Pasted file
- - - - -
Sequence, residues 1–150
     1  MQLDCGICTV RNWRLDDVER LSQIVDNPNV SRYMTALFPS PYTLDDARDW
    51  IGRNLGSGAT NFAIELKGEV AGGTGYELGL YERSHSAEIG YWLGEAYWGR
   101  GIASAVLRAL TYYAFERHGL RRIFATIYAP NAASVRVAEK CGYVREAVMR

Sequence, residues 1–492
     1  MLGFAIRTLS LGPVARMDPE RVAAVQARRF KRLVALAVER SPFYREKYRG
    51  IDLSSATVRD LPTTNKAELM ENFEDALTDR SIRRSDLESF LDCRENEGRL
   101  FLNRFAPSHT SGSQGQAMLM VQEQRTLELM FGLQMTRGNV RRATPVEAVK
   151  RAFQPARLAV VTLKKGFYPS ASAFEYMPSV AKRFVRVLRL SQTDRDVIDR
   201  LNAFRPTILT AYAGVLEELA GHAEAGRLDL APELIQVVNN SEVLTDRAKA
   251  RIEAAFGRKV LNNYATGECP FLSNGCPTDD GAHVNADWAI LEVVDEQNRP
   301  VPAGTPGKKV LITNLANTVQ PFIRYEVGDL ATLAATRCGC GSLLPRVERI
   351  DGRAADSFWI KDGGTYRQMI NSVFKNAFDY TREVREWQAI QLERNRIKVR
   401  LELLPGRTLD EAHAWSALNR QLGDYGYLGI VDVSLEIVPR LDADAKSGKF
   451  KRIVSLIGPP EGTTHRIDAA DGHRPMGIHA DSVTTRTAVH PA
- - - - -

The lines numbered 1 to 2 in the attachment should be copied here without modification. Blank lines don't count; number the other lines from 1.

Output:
Sequence, residues 1–150
     1  MQLDCGICTV RNWRLDDVER LSQIVDNPNV SRYMTALFPS PYTLDDARDW